Medical School study finds people used health services more when given air pollution warnings

Research carried out by Swansea University Medical School, in collaboration with Public Health Wales and Neath Port Talbot Council, has found that people who received alert messages to help them better manage their health on days when air pollution was high went on to use local health services more than they did before.

The research titled ’airAware Port Talbot: Evaluation of an Air Quality Alert System’ worked with 180 people in Neath Port Talbot with conditions such as chronic obstructive pulmonary disorder (COPD), asthma or coronary heart disease that may be worsened by poor air quality. The study aimed to find out if notifying people when air quality was poor could help them to avoid exposure on high pollution days and therefore reduce their health service use.

The research team, led by Professor Ronan Lyons at Swansea University Medical School, evaluated airAware, a real time public health air quality alerting service which sent air quality messages to 180 people by text, email or telephone for up to two years. People received alerts when air quality deteriorated.  Advice messages included recommendations to reduce activity, stay indoors and follow their Doctor’s usual advice if symptoms got worse.

The research project compared numbers of; hospital admissions, emergency department attendances, GP contacts and prescribed medications, for the group receiving airAware alerts and those not, before and during the two years that alerts were issued.

The research team found that emergency admissions and emergency attendances increased significantly for airAware users compared to non-users.

Emergency admissions doubled for all of the observed health conditions, with a four-fold increase in admissions for respiratory conditions (COPD and asthma). There was no significant change in the frequency of GP visits, the prescription of medications, outpatient attendances and emergency admissions for coronary heart disease for those receiving airAware alerts compared to the control group.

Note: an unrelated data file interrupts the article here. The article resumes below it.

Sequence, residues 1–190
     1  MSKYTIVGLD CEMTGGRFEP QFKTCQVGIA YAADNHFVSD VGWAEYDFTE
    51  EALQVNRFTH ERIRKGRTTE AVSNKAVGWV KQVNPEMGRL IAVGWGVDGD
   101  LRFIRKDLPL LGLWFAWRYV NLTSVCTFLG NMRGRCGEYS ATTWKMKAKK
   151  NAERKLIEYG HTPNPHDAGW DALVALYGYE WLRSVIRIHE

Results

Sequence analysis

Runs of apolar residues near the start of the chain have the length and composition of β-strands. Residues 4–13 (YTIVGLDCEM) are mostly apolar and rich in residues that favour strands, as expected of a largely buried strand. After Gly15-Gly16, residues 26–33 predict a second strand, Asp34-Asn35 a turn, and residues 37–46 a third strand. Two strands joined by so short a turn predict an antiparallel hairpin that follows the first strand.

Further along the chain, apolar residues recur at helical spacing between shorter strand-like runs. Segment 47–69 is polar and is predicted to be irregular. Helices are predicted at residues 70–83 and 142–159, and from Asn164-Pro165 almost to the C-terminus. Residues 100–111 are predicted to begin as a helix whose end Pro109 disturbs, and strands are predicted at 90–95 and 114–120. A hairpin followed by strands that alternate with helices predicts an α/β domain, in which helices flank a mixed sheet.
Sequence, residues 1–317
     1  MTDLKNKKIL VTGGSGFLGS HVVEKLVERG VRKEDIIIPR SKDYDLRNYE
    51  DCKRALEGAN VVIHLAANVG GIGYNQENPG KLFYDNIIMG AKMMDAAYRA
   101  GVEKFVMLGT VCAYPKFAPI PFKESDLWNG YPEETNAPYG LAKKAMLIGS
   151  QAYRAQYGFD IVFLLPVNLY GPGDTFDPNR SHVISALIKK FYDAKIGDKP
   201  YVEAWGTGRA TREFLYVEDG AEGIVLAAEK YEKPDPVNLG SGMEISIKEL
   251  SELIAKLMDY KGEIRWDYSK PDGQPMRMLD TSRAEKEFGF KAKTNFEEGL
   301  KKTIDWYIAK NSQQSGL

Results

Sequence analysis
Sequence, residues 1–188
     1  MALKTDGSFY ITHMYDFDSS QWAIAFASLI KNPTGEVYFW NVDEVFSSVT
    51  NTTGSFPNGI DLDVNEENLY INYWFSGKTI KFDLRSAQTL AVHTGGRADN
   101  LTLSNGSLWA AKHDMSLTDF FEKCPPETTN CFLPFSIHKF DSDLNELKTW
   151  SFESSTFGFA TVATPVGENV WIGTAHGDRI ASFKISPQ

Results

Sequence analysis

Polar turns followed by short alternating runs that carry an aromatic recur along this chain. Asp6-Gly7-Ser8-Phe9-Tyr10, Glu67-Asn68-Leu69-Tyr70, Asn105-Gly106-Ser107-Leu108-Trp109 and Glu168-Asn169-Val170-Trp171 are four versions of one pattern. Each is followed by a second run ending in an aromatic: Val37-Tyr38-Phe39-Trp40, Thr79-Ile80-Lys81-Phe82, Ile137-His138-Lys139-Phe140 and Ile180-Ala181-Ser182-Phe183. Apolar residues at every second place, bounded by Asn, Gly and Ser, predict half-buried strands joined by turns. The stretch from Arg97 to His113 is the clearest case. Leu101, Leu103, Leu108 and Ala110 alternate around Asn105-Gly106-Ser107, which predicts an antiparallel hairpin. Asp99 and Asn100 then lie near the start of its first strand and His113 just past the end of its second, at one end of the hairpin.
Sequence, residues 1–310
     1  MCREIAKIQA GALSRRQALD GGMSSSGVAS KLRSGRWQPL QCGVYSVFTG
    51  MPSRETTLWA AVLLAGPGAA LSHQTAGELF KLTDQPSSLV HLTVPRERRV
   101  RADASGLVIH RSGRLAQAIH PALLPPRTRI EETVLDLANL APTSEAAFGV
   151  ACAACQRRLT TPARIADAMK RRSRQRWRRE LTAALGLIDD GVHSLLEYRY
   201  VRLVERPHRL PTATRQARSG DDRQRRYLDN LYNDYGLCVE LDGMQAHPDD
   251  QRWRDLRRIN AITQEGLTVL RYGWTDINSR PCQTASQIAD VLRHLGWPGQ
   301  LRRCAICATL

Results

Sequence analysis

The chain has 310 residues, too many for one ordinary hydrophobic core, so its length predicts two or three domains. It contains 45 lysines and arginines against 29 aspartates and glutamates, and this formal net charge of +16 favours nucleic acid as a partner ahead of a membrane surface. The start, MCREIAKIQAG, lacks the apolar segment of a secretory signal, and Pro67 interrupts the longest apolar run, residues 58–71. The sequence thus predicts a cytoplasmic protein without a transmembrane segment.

Sara Thomas, Public Health Consultant said: “Advising people with heart and lung conditions about avoiding exposure to air pollution continues to be important, but this study shows that communicating such messages using this alert mechanism did not have the intended effect.”

Speaking of the research findings, Professor Ronan Lyons Professor of Public Health at Swansea University Medical School said: “As a result of this study, the airAware service was stopped and the funding has been used for other public services.

“Further work is needed to understand why people receiving airAware alerts needed more emergency healthcare. One explanation could be that airAware users were more aware of local pollution levels which made them more likely to seek advice about their health, especially if they thought pollution affected their breathing.”

Full details of the research report can be found in the Journal of Epidemiology & Community Health.